Sony Promotes The Cloud To Streamline News Production

At the 2019 NAB Show, Sony is promoting a world where ENG crews in the field operate as an extension of the newsroom with its Ci and XDCAM Air cloud-based content acquisition and processing platforms. That means news directors can look into and retrieve video files as they are being acquired, with the ability to get news on-air (and online) faster than ever before.

At the show Sony will demonstrate 65 new features for the Ci platform.

Sony’s Ci, which leverages an AWS cloud infrastructure, supports the entire media lifecycle—from acquisition and creation through distribution and archive—providing benefits for a wide range of media organizations. Whether a broadcaster, production company or content owner, Sony said Ci seamlessly connects teams and streamlines workflows.

At its pre-NAB press conference, Sony’s John Studdert, Vice President, Media Segment at Sony Electronics Imaging Products & Solutions for the Americas, said the company has had a record year in revenue for its Ci platform, with over 10 million files and 3 PB of content uploaded; 4 PB of content downloaded; 1.5 million MediaBoxes (a part of the Ci platform that lets users control who, when and how much access people have to content).

Cloud-supported news production and SaaS subscriptions are the new model at Sony as the industry continues to consolidate and stations groups demand better ways to acquire and share content across local markets.

“The application solutions we are selling today will power new workflows within existing stations while building the foundation for the broadcaster groups transformation,” Studdert said.

With Ci MediaLog in the cloud, content can be search and transferred via wireless transmission directly out of the camera, using time-based metadata to streamline the process.

With Ci MediaLog in the cloud, content can be search and transferred via wireless transmission directly out of the camera, using time-based metadata to streamline the process.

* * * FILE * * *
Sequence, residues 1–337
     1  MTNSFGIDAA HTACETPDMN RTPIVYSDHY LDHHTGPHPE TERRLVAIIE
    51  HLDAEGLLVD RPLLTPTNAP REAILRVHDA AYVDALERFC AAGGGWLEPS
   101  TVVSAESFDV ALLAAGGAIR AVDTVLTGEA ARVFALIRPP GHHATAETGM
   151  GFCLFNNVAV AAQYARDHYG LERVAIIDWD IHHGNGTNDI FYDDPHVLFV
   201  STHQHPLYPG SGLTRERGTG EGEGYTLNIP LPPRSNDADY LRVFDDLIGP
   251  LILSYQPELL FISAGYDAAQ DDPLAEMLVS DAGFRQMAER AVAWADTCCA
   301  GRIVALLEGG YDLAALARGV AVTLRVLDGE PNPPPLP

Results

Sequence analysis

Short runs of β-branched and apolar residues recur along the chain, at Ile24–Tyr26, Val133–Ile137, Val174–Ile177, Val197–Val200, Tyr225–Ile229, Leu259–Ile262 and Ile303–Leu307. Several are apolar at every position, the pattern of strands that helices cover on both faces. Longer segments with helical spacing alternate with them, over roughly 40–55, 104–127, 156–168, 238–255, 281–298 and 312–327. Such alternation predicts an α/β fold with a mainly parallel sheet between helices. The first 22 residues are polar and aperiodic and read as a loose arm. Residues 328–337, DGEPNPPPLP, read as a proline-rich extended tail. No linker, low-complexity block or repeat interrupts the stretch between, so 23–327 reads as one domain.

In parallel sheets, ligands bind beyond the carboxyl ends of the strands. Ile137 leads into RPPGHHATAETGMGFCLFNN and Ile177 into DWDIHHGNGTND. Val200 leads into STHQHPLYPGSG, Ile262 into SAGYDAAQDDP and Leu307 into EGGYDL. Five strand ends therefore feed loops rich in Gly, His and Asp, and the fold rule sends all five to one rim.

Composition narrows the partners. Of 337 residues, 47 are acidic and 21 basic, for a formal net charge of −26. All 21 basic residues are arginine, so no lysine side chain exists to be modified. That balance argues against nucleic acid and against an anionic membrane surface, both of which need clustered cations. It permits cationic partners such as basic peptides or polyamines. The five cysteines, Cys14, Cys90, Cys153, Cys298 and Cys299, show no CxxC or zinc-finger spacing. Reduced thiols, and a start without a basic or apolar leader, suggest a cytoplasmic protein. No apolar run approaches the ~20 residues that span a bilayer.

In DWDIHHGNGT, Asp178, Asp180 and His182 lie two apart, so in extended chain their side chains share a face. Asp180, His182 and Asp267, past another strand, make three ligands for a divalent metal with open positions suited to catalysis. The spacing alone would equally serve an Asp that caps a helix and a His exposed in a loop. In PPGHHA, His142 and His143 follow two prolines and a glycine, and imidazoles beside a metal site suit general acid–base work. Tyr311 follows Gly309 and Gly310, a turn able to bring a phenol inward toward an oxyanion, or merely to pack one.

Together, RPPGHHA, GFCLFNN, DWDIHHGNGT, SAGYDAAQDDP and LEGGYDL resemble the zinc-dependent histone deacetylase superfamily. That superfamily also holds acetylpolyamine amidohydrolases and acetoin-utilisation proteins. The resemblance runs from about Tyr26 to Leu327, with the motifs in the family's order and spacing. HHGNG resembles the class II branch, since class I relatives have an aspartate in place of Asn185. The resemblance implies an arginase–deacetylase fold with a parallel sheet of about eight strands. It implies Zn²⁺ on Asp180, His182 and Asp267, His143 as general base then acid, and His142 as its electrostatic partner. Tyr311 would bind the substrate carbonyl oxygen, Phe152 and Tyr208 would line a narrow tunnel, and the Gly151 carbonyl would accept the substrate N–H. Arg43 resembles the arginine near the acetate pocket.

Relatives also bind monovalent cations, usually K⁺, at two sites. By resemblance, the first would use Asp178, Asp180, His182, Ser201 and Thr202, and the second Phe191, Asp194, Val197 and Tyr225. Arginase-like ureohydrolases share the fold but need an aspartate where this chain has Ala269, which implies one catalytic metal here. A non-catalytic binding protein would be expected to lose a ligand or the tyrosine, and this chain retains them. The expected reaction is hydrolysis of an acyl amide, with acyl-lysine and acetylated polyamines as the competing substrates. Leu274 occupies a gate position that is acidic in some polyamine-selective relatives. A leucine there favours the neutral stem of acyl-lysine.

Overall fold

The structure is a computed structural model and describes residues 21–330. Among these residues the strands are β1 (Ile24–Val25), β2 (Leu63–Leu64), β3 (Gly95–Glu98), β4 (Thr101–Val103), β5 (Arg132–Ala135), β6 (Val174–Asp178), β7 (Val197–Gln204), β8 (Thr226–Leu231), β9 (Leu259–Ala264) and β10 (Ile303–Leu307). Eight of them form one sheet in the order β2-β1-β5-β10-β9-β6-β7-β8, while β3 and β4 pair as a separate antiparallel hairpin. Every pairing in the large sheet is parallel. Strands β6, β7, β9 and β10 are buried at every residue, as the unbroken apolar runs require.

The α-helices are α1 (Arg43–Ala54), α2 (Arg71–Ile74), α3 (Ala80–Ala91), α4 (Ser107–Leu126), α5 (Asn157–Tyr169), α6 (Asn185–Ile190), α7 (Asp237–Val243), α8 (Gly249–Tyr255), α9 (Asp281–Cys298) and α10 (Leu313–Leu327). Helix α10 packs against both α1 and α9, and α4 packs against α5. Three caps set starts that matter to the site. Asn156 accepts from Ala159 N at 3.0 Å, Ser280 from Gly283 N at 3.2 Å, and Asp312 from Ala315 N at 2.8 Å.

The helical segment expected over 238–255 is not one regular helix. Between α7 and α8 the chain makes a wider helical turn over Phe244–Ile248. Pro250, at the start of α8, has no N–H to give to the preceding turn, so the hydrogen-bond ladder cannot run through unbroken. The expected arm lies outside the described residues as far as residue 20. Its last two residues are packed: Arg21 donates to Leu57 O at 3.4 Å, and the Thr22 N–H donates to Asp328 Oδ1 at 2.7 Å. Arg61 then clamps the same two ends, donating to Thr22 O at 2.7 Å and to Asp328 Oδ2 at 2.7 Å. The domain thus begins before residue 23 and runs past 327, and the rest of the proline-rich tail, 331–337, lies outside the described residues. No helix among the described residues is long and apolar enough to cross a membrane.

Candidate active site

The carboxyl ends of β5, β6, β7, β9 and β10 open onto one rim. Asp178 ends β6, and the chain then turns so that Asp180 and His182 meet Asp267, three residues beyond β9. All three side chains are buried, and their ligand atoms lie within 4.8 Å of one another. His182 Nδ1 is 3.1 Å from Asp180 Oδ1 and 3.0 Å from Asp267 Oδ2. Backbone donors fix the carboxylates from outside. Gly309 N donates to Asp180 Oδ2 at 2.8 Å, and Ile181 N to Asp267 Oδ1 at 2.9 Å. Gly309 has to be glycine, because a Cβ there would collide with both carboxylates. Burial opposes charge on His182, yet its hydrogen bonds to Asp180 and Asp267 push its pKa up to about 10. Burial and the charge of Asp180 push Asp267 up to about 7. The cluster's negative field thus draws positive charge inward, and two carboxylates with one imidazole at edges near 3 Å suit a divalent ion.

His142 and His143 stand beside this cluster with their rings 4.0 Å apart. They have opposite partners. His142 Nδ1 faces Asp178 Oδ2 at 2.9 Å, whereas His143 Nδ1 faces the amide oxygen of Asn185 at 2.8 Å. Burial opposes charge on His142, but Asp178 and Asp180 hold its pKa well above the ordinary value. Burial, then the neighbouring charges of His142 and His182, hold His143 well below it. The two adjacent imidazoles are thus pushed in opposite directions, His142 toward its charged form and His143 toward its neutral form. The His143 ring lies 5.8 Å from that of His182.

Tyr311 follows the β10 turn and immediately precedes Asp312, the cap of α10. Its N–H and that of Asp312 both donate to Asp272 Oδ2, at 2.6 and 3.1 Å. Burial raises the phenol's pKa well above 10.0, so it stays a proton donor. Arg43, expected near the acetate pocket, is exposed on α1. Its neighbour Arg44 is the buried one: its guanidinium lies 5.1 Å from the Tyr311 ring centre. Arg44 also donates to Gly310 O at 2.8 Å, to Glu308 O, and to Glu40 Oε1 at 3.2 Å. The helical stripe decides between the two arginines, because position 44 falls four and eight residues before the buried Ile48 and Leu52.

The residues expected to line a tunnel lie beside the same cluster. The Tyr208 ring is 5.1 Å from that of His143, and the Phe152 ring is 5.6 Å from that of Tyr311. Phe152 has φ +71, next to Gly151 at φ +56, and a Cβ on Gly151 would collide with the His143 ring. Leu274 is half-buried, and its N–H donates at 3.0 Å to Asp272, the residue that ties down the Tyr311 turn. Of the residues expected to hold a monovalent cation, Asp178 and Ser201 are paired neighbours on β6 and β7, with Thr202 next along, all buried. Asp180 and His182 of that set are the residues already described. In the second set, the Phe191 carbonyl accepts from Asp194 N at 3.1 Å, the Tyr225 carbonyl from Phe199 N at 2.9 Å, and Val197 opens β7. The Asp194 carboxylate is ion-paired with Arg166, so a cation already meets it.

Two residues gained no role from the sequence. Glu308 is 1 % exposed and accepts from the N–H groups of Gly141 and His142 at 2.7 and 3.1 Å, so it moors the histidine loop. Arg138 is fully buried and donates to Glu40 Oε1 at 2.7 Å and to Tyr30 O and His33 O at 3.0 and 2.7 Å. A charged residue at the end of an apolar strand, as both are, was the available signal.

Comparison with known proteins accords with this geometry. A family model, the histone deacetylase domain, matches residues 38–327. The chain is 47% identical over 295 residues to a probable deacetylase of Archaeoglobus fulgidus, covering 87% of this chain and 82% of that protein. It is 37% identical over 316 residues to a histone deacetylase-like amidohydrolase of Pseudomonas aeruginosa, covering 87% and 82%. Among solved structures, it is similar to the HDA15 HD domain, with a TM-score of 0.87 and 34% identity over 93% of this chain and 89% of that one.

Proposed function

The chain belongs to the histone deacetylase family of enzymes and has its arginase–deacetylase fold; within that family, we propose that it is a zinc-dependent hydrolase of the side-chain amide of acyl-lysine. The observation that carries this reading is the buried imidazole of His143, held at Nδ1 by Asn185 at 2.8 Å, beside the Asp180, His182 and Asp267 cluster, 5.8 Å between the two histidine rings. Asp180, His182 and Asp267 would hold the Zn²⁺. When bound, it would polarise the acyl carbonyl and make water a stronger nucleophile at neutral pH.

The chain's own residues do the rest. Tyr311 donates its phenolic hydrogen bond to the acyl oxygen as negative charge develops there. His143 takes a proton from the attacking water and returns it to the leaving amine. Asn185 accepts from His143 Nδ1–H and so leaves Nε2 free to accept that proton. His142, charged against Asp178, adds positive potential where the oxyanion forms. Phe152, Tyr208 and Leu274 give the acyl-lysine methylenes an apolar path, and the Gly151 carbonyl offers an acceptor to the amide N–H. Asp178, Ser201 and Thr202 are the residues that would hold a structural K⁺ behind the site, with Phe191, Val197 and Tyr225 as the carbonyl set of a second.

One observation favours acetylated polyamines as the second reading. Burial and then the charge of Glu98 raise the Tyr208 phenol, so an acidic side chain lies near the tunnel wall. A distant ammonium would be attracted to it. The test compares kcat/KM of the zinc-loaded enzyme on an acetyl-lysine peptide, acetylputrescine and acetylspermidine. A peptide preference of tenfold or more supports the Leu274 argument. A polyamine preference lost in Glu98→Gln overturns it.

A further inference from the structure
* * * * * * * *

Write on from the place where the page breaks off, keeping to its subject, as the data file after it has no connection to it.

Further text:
For news broadcasters, Ci is a live contribution, streaming and clipping platform, providing the ability to capture and watch live streams anywhere. Users can also log images as they are captured (using Sony’s Ci MediaLog software) and clip segments in real time for faster social media turnaround.

With Ci MediaLog in the cloud, content can be search and transferred via wireless transmission directly out of the camera, using time-based metadata to streamline the process.

Other new features to be shown at NAB include integrated artificial intelligence algorithms that help automate manual tasks, eliminate costly manual logging and transcription processes and enhance discoverability and search ability. Using Object recognition, facial detection and speech-to-text technology, video transcriptions can be made available instantly for archiving and content repurposing.

As part of the Ci ecosystems, a new Sony MediaBox will be shown, which is an online repository for acquired content that has been completely redesigned to maximize speed and efficiency while providing new access control options. Users can also select and send folders (and all subfolders) related to a breaking news event in the same way that files are shared in a MediaBox.

The Ci platform works in tandem with Sony’s XDCAM air products, which allow a secure, seamless wireless workflow from shooting to studio. It serves as a bridge between field-based camcorders and the news studio infrastructure, facilitating the seamless exchange of live video, media files and project metadata. Users can build stories fast, with direct access from the studio to files on camcorders or smartphones out in the field. XDCAM air can be employed as a standalone system or it cane be integrated with studio-based workflows to save time.

XDCAM air automatically uploads proxy footage to the cloud from multiple camera operators in the field, so editing can start immediately. Uploaded content can be accessed securely from any location. News teams can even start logging clips while shooting’s still going on, saving even more time when a story is breaking.

Today’s reporters are being encouraged to acquire news whenever and wherever it happens, even using their cellphones. Sony has developed a mobile app called XDCAM Pocket that turns any phone into a cloud-ready XDCAM camcorder. With it users can stream content shot with smartphones back to base, using QoS technology for better-looking pictures and fewer dropouts over cellular LTE networks.

In addition, XDCAM air sends story information and planning metadata from a newsroom computer system straight to compatible Sony cameras out in the field. After shooting, everything’s ingested automatically to the station’s media asset management (MAM) system.

Sony now offers a wide range of wireless-ready camcorders that are fully compatible with XDCAM Air.

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